The main issue I had was creating a mechanism that could take each document and extract only the body text, no header, no footers, no fluff, and place it neatly in a .txt document. It took a few iterations, but the following script was able to extract all text and append neatly into one file. As you can see from hte text below, we have dates, locations, names and biblical passages that all need cleaning before being converted into vector space for the LSTM model.

The below sample sermon shows these areas:

As you can see, there are many areas that need to be cleaned in this document. There are various titles, headers and specialized characters that need to be taken into account. The following script allows me to read a Microsoft word document or .txt file and append it to a master .txt file that can be fed into the LSTM model clean job. Sources for the initial scripting that this is based on are linked in the beginning of the article. But overall, you can see that the documents are being aggregated from the folder I have on my desktop, the same folder that I dropped my mom’s emails in each week, and loaded to a master document.

Once I had 300 sermons read into my pipeline on Google Colab, I was able to begin fiddling with the hyperparameters of the LSTM model. Setting multiple layers, optimization methods, activation functions, and back-propagation learning rates, I felt that I could let the neural net train overnight. As you can see, there are 100,352 unique words in my network. These can be seen as nodes that are going to abstract them selves with magic (linear algebra) to create a layer of 8,643 words to predict what word will come next based on teh previous words.

Simple LSTM net, but effective.

Waking up the next morning was like being a kid on Christmas morning. The excitement I felt opening up Google Colab to see the results pulsated thorugh my veins. I opened up the first paragraph to see the following:

A puppy, representative of Christmas morning, because, well… puppies.
 

“I found myself wondering about the wire this church, the people and the post of the seen of the complical seeming the church.  The and in the and the lives that the see the worship in the pertans the life the hell the story that the people and the people that the people the work.  The work that the light and viel the final see the make of us the for the world the healing of the conter and the people and this people at the story and the say.”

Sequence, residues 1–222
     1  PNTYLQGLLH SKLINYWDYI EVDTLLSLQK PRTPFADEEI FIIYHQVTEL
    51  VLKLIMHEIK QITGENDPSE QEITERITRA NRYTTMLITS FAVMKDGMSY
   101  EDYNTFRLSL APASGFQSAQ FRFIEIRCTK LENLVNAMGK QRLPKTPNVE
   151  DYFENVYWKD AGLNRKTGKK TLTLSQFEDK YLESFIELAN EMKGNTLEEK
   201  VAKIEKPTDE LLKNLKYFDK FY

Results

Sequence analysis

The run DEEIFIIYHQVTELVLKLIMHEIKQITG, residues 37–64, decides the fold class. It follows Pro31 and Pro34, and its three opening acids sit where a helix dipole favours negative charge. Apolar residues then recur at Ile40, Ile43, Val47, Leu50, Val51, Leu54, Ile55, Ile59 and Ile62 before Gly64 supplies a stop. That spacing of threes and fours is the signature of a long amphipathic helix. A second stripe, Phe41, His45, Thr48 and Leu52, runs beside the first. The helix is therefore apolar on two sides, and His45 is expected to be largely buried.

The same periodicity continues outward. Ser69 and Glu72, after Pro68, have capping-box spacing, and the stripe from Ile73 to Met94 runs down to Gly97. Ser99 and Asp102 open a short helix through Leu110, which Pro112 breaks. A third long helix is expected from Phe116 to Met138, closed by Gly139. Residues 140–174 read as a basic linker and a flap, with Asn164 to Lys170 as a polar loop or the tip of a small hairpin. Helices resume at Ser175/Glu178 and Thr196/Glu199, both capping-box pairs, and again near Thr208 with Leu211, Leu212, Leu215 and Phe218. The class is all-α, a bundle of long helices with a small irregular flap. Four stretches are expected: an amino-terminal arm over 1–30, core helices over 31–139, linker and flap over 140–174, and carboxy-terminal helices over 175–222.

Ok, not exactly the Sermon on the Mount, but hot dang, I got something runing! Of course, to get closer to actual human speak would take more effort, and the idea behind this end-to-end machine learning project was get something on the board and move from there. Currently, the next step is to place this onto AWS, store the documents on S3 inside a bucket, and pull them into SageMaker where I can control the level of compute power needed for a more in-depth tuning of the product.

As you can tell, there are now many avenues to take this project. We can look at creating a front-end user interface with Flask, deployed on EC2 with a Docker container and customized Route53 Elastic IP address. We can deploy on Azure’s machine learning studio if we have a specific bend to Microsoft.

Getting started and out of the MOOC Trap is the main battle for nascent data scientist and experts alike. We pride ourselves with the knowledge that we have accumulated but may feel shy to go out into the world and look at a blank page. I hope that explaining this process will be helpful to those data scientists out there just getting their feet wet.

The following are links to my code, the resources I used and the proper accredations for the code that was borrowed and influential. 

AWS integration, here we come!

Link to GitHub with code

Props and credits to following images: